|Having a Gay Day: Distress and Psychological Flexibility Among LGBTQ Communities
|Sunday, May 29, 2016
|11:00 AM–11:50 AM
|Crystal Ballroom C, Hyatt Regency, Green West
|Area: CBM/VRB; Domain: Basic Research
|Chair: Benjamin Ramos (University of Louisiana at Lafayette)
|Discussant: Thomas G. Szabo (Florida Institute of Technology)
|CE Instructor: Thomas G. Szabo, Ph.D.
|Abstract: The legalization of gay marriage throughout the United States combined with an increased degree of support for gay rights has made this an historic decade for the gender and sexual minority (GSM) community. However, GSM stigma and discrimination remain a significant problem across many different domains of living. How individuals respond to ongoing GSM discrimination and to efforts to decrease that discrimination may be, in part, attributable to certain psychological skills for experiencing unwanted cognitions and emotions. This symposium will explore the role of psychological flexibility in GSM stigma and discrimination. The first paper will explore the role of psychological flexibility in predicting LGBTQ stigma. The second paper will explore the role of psychological flexibility in predicting GSM individuals’ reactions to perceived LGBTQ stigma. The implications of both studies for promoting continued societal change will be discussed.
|Keyword(s): gender identity, psychological flexibility, sexual orientation, stigma
|Examining Psychological Flexibility and Willingness to Engage in Behaviors That Benefit Members of the LGBTQ Campus Community
|MAUREEN FLYNN (Metropolitan State University of Denver)
|Abstract: Although acceptance of gender and sexual minorities is increasing in the United States, individuals in the LGBTQ community continue to experience negative responses from society. LGBTQ individuals can internalize such negative responses, which can lead to psychological difficulties (e.g., Szymanski, Kashubeck-West, & Meyer, 2008; Meyer & Dean, 1998). Acceptance and Commitment Therapy (ACT) interventions, which are designed to increase psychological flexibility, have been shown to decrease stigmatizing attitudes towards substance abusers (Hayes et al., 2004) and people with mental illness (Masuda et al., 2007). Psychological flexibility is also related to attitudes towards other ethnicities (Levin, Luoma, Lillis, Hayes, & Vilardaga, 2014). To date, there aren’t any published studies examining psychological flexibility with LGBTQ-related stigmatizing thoughts. The aims of this study were to examine 1) the relationship between psychological flexibility and homophobia and transphobia and 2) whether psychological flexibility moderates the relationship between negative attitudes towards LGBTQ individuals and willingness to engage in behaviors that help the LGBT community among Hispanic college students.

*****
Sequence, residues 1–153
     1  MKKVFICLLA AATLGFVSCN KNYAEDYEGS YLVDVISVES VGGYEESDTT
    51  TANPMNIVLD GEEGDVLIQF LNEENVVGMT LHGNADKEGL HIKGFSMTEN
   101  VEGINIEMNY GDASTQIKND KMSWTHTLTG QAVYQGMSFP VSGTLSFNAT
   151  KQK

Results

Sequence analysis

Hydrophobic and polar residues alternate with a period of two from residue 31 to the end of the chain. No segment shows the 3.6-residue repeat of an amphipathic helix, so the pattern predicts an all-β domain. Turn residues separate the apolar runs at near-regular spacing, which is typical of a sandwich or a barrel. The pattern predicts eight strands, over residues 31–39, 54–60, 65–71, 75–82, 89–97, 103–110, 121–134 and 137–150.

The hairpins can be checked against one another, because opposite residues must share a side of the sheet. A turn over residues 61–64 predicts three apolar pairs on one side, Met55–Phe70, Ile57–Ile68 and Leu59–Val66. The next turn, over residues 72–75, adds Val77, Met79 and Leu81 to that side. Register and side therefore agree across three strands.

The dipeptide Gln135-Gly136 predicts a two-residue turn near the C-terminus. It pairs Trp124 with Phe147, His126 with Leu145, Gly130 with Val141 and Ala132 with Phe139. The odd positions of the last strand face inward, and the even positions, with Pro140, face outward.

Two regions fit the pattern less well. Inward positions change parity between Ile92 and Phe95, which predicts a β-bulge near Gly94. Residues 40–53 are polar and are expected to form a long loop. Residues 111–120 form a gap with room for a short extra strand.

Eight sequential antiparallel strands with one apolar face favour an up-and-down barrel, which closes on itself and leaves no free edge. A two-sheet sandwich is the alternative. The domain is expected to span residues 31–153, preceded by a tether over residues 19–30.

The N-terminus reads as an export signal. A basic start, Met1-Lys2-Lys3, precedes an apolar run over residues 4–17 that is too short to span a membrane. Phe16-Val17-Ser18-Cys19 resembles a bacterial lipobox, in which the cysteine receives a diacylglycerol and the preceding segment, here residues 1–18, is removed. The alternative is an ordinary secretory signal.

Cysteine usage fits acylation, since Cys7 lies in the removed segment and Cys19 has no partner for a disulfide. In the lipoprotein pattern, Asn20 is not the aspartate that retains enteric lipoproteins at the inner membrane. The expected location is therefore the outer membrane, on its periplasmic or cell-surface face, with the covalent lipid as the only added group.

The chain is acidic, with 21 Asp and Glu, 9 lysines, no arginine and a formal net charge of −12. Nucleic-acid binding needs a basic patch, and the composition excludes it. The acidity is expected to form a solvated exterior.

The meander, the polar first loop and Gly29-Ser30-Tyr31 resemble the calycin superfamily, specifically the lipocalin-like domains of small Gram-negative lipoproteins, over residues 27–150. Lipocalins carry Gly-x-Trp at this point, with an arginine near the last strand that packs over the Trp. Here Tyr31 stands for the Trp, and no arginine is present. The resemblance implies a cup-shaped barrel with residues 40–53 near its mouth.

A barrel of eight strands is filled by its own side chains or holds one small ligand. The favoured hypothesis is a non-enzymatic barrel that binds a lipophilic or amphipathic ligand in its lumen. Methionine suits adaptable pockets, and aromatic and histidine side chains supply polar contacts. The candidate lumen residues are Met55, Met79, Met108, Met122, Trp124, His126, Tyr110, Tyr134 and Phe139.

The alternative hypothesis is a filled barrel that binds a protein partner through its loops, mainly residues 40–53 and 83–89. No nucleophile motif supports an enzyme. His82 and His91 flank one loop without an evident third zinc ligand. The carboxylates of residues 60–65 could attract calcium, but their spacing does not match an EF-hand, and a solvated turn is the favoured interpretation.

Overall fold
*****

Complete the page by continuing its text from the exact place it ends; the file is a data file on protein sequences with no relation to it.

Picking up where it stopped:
Stigma in Context: Perceived Discrimination, Psychological Distress, and Coping of Gender and Sexual Minorities
|ALYSON GIESEMANN (University of Louisiana at Lafayette), Lauren Griffin (University of Louisiana at Lafayette), Emily Kennison Sandoz (University of Louisiana at Lafayette)
Gender and sexual minorities experience stigma and discrimination in a number of domains, leaving them at an increased risk of psychological distress, mental health symptomatology, and risk-taking behaviors. Some GSM individuals are resilient, however, thriving even in the face of clear discrimination and subsequent distress. It may be that the impact of discrimination and distress depends on the psychological skills one applies. For example, both self-compassion and psychological flexibility have been shown to mitigate the impact of psychological stressors on well-being. The current study aimed to consider 1) the extent to which daily experiences of perceived discrimination lead to psychological distress and disruption of well-being in GSM individuals and 2) how psychological flexibility, self-compassion and other coping mechanisms might mitigate the impact of perceived discrimination on distress and well-being. Participants tracked their daily experiences of discrimination, their private reactions to those experiences, and functions of those reactions. Implications for interventions targeting discrimination-relevant distress and dysfunction will be discussed.